As I mentioned when I first started writing this blog about our Bichon Frise, she has been with our family for almost eleven years. Lately, Sprite’s arthritis has been acting up. It is very difficult to watch as our sweet puppy (she is still a puppy to us!) starts the natural aging process. She no longer follows me upstairs every time I go up. As a matter of fact, she is now becoming very economical with her trips up and down the stairs. She determines the amount of time I am planning to stay upstairs by listening to the activity I am involved in, and then, apparently, based on the eleven years that she has been following me up the stairs, she decides if following me is worth the trip! In case she isn’t sure how long I will remain upstairs, she ambles over to the bottom of the staircase, and lets out an almost inaudible “woof”. She then remains at the bottom of the steps until I assure her that I plan on staying upstairs, or if “I’ll be right back.”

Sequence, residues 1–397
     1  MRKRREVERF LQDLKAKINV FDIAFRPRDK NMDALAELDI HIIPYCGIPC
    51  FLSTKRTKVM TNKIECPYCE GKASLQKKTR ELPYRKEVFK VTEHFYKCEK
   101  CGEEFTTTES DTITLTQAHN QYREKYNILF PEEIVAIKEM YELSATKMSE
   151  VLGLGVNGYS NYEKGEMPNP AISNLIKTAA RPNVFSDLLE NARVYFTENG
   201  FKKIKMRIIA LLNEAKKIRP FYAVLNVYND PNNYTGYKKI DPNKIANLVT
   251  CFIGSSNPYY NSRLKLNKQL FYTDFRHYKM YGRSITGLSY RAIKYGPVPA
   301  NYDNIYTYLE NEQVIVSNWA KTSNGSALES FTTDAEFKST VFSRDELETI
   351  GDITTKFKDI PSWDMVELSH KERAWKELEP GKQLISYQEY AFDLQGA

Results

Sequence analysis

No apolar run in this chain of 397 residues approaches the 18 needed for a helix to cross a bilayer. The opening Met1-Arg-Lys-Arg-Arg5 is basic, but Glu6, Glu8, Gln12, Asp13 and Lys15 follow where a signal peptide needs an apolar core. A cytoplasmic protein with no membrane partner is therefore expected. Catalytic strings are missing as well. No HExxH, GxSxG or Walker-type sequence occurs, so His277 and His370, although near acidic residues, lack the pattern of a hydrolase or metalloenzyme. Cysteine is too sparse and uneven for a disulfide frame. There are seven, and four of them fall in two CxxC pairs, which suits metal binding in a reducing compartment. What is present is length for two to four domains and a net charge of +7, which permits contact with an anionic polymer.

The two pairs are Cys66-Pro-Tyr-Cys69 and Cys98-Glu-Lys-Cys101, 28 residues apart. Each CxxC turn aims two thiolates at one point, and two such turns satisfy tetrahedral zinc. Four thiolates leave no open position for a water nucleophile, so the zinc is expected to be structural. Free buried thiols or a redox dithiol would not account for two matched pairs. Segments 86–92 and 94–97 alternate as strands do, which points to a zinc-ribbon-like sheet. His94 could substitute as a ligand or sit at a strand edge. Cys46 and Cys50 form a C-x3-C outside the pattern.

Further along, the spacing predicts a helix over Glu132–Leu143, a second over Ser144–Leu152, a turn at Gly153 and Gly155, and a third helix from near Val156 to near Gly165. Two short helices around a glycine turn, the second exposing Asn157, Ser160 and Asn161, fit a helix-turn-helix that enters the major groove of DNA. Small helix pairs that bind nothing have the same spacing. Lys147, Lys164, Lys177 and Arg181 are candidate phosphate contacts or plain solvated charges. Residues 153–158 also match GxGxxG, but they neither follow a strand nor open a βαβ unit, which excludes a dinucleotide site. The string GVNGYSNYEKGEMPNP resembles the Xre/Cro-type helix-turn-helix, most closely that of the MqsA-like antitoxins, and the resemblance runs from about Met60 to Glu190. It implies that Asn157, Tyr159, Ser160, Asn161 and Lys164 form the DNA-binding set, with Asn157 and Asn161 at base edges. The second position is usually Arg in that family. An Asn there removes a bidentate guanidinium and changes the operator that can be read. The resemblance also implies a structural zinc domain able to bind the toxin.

One of the factors that we took into account before deciding that the Bichon Frise was the breed we wanted for our family pet was the general activity level of the Bichon. Bichon’s score a possible seven (out of ten) on one dog breed author’s profile scale. They are active little dogs, so it is especially difficult to watch as Sprite no longer is able to take the long walks she used to love so much. We have had to cut the distance to a mere fraction of the length she once enjoyed so much. She still gets anxious every night when it approaches our walking time, but we have had to slow down considerably for her.
We once contemplated adopting another Bichon for her to play with, but now that Sprite is slowing down, we have decided against that idea. Since she now prefers spending her day sleeping, we doubt a puppy to play with would be anything more than an unwelcome intruder.
small dog bed,